Oprah Buries the Hatchet

By Samuels, Allison | Newsweek, April 4, 2011 | Go to article overview
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Oprah Buries the Hatchet

Samuels, Allison, Newsweek

Byline: Allison Samuels

In her frantic final hours on network TV, the talk queen is mending fences with ex-friends (Whoopi, Roseanne). It's great television. But is it genuine?

When author Iyanla Vanzant picked up her phone one afternoon earlier this year, she was stunned to find the Queen of Daytime on the line. Vanzant had good reason to be surprised. She'd once been a regular guest on The Oprah Winfrey Show, doling out spiritual wisdom and practical advice on love, life, and personal growth. But when Vanzant accepted an offer from Barbara Walters to host her own show in 1999, the friendship blew apart, with bitter feelings, unspoken words, and a call from a lawyer making it official.

Now, after 11 years, the feud has ended, with Vanzant and Oprah airing their differences last month in front of a rapt audience of millions. "We were deeply connected spiritual sisters and then things fell apart. That needed to be fixed," says Vanzant, who since leaving Oprah's universe suffered her third divorce, foreclosure on her home, and the death of her only child (all of it detailed in her new book, Peace From Broken Pieces).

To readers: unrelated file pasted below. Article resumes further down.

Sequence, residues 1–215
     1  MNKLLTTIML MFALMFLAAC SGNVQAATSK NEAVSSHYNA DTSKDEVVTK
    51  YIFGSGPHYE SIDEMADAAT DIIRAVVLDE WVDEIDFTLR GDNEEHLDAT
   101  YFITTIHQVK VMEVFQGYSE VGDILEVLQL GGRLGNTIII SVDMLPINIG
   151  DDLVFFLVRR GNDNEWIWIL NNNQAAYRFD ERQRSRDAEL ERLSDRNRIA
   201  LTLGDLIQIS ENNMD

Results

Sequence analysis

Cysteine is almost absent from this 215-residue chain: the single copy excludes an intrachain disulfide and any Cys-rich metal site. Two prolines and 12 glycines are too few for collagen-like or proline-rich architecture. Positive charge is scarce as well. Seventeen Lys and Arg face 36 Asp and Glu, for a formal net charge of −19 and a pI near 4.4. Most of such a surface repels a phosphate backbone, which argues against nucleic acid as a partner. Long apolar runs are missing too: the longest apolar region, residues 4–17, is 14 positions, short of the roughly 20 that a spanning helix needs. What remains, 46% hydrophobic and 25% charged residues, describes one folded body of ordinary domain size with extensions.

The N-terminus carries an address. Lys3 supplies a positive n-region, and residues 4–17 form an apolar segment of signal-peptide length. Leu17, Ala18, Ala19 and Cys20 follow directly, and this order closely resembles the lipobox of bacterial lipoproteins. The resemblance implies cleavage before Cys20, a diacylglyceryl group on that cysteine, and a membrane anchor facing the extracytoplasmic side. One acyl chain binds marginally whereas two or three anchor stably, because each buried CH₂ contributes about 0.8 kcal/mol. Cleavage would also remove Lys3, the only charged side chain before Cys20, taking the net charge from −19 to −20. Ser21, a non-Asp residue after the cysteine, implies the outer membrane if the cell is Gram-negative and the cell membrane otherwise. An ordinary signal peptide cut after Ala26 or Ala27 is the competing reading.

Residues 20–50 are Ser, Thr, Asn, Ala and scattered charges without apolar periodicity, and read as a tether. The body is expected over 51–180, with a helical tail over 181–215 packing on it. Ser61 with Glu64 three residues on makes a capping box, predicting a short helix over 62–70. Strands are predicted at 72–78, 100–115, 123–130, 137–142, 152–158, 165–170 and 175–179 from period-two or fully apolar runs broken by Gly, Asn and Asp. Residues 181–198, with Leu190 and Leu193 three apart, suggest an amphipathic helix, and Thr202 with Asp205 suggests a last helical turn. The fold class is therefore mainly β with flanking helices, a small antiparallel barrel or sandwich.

Oprah is burying a lot of hatchets these days. With her show set to end May 25, she has attempted to mend fences with such famous former friends as Whoopi Goldberg, Roseanne Barr, and Rosie O'Donnell. Of course, these tearful makeup sessions are all being conducted on Oprah's stage, in front of a live studio audience. But that's part of being Oprah's friend, and besides, it makes for some great TV and even greater ratings.

Still, you can't help wondering why Oprah is even bothering to air her dirty laundry. Is it really just for the ratings? Is it because she now has a cable network, OWN, and needs a lot of chatty, familiar faces to fill the endless hours of programming? (It's worth noting that O'Donnell is already producingdocumentaries for OWN.) Or is Winfrey really hoping to teach her audience a lesson about friendship?

"We can't forget Oprah remains, in many ways, America's chief therapist, and she knows that," says Dr. Michael Eric Dyson, host of his own show on NPR. "In her last season on television, Oprah wants to model for her audience of millions the art of coming to grips with the uneasy business of repairing torn relations." Fans are lapping it up. "I really thought someone like Oprah, with all her money and fame, wouldn't care if people were mad at her or didn't like her. I mean, she's Oprah,'' says Audrey Mason, 33, a private nurse from Cleveland, Ohio.

With the clock ticking, who will she pass the peace pipe to next? Will be it rappers like Ludacris or Ice Cube, who lashed out at her for regularly refusing to have them on, even when they had big movies or TV roles to hawk?

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